Last week I looked at the most employed people in the UK film industry. This week I thought I would merge this approach with a topic I have written a lot about previously, namely gender. I took a look at the women in the British film industry who have the most credits over the last 10 years across all UK films budgeted over £500k. In summary…
- 11% of the people who have directed two or more UK films 2003-13 are women
- Women in the British film industry are far better represented in producing than in writing and directing
- 25 of the top 104 UK producers are women
- Novelist J.K. Rowling is the woman with the most writing credits in UK film 2003-13
Just 11% of the people who have directed two or more UK films 2003-13 are women.
|# female directors||# all directors||Name||Credits|
|7||56||Mairi Fraser Sutherland||2|
Women in the British film industry are far better represented in producing than in writing and directing. 25 of the top 104 UK producers are women (i.e. those who have produced at least 11 UK feature films 2003-13).
|# female producers||# all producers||Name||Credits|
Novelist J.K. Rowling is the woman with the most number of writing credits in UK film 2003-13. I’ve included all writing credits, hence the appearance of J.K. Rowling and Jane Austin. However, if we look strictly at screenplay credits, as opposed to source material, then Jane Goldman (‘Kick-ass’ and ‘X-men’) and Abi Morgan (‘The Iron Lady’ and ‘Brick Lane’) share the top spot.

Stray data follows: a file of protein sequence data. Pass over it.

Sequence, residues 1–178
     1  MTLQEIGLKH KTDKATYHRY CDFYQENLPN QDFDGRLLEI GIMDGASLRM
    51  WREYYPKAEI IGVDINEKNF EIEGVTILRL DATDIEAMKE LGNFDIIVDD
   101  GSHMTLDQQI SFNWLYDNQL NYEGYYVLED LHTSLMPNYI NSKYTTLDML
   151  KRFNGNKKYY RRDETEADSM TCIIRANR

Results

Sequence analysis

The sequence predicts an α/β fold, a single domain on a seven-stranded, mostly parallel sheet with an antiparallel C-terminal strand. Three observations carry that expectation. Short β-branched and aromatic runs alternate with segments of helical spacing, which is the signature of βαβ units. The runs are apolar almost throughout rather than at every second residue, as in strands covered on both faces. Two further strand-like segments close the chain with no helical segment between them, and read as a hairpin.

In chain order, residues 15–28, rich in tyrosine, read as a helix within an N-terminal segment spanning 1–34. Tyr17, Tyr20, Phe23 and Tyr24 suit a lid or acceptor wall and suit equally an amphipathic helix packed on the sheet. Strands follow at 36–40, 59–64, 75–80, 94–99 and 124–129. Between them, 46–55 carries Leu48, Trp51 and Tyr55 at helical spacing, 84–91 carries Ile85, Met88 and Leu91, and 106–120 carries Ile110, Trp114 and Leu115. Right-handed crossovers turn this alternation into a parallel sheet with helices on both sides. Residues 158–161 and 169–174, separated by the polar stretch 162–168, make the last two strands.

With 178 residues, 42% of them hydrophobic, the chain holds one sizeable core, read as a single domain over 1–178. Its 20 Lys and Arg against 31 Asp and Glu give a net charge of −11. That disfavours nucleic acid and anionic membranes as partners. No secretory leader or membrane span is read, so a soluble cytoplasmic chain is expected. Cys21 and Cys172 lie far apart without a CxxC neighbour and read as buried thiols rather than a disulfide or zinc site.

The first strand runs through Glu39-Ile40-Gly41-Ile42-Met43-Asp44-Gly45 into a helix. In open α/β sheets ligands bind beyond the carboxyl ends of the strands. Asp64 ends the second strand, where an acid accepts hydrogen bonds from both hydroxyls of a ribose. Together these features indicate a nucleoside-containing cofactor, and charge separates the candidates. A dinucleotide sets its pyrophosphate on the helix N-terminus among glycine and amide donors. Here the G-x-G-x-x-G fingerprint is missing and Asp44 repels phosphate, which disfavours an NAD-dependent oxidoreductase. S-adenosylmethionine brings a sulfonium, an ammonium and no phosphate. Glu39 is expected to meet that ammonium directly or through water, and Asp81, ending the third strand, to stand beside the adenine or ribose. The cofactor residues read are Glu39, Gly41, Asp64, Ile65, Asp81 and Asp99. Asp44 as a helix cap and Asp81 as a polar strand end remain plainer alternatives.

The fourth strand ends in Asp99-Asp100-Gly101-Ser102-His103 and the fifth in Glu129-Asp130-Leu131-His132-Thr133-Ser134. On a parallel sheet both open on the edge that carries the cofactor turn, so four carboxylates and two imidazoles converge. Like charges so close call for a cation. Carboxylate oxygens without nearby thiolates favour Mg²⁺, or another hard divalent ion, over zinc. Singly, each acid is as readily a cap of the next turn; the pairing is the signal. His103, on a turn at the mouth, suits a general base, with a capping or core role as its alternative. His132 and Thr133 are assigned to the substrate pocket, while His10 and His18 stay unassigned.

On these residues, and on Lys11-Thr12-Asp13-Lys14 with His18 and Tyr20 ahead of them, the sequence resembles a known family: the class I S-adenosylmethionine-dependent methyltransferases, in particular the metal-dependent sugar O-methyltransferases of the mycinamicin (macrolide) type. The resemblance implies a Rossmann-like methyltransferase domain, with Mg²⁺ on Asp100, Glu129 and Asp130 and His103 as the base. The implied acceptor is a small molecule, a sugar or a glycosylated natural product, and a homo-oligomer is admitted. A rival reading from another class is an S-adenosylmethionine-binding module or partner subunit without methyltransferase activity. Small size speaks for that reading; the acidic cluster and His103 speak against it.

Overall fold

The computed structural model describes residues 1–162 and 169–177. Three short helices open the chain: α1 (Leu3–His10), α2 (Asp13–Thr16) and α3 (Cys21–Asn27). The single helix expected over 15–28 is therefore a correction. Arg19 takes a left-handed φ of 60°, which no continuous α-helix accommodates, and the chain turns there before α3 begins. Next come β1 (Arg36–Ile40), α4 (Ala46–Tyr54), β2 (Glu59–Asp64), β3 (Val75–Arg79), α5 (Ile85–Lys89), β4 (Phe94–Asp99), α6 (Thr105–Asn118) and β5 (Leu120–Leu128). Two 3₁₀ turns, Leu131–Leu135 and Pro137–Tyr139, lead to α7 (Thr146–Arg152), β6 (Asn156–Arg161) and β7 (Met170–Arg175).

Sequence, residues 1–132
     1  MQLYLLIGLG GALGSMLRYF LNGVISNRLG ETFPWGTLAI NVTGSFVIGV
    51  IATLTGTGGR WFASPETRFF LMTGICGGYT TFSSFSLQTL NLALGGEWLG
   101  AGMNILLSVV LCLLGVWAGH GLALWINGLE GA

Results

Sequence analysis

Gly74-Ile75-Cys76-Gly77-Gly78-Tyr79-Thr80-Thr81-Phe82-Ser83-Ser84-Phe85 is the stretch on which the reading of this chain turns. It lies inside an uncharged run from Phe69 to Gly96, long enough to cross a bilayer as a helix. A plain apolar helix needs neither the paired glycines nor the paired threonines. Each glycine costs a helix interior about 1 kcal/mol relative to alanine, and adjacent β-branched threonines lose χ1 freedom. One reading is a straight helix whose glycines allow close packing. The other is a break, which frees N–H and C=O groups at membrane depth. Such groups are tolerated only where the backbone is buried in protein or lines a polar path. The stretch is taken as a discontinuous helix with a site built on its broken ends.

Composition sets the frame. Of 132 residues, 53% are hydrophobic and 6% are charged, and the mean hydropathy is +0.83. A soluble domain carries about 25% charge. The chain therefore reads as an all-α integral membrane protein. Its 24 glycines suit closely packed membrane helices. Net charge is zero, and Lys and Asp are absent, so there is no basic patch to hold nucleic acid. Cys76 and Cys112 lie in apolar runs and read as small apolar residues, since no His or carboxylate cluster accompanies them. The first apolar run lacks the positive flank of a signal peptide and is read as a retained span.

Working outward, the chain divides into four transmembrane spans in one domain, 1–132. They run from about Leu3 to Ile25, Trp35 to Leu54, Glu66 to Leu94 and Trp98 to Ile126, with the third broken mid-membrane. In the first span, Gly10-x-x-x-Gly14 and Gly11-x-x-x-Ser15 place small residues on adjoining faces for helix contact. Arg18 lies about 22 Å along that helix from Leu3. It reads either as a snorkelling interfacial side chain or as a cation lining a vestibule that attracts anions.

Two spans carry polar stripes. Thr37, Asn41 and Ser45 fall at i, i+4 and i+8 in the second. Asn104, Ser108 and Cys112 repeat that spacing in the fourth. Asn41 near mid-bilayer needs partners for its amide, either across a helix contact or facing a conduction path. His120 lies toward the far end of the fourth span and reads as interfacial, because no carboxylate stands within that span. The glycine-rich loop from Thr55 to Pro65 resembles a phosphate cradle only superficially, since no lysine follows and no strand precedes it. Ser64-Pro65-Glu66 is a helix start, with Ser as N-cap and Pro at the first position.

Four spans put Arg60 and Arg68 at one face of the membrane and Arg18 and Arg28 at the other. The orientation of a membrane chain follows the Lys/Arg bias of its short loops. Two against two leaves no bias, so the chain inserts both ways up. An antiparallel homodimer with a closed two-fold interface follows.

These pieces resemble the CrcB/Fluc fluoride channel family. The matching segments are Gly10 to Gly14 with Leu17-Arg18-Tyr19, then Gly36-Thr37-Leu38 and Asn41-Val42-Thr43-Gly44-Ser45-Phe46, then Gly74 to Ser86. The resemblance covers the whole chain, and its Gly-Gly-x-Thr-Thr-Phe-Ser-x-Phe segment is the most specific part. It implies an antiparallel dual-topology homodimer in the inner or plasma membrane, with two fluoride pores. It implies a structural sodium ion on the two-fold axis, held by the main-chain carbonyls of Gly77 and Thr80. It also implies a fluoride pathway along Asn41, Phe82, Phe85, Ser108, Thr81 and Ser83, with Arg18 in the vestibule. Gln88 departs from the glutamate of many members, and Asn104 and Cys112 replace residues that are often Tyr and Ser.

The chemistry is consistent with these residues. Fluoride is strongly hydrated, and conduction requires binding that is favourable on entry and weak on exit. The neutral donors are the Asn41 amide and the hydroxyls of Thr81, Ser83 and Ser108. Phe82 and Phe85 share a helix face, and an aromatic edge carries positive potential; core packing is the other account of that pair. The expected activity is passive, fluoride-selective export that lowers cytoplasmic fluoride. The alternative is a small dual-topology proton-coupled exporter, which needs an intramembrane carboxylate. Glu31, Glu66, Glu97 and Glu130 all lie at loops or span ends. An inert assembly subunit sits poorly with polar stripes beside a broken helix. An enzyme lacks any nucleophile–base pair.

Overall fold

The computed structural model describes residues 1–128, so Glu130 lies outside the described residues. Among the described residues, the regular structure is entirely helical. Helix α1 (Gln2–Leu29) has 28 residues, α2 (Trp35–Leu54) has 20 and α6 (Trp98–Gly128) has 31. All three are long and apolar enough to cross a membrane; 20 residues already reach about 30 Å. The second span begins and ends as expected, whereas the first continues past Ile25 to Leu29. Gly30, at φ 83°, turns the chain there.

|# female writers||# all writers||Name||Credits|
|6||52||Mairi Fraser Sutherland||3|
Epilogue – Most employed women in the British film industry
I used the BFI’s tracking data for films made between 2003 and 2013 to define what was and wasn’t a UK film. I have no doubt that some of these classifications will be disputed as (a) the BFI are not perfect and (b) film can be a subjective field. If any of the people listed above feel aggrieved that their number of credits is incorrect then please do drop me a line. This research looks at number of credits, not number of days worked. Consequently, someone who worked one day apiece on ten films will get ten credits whereas someone else who performed ten days work on a single film will be listed as having one credit. There is little I can do to account for this possible unfairness.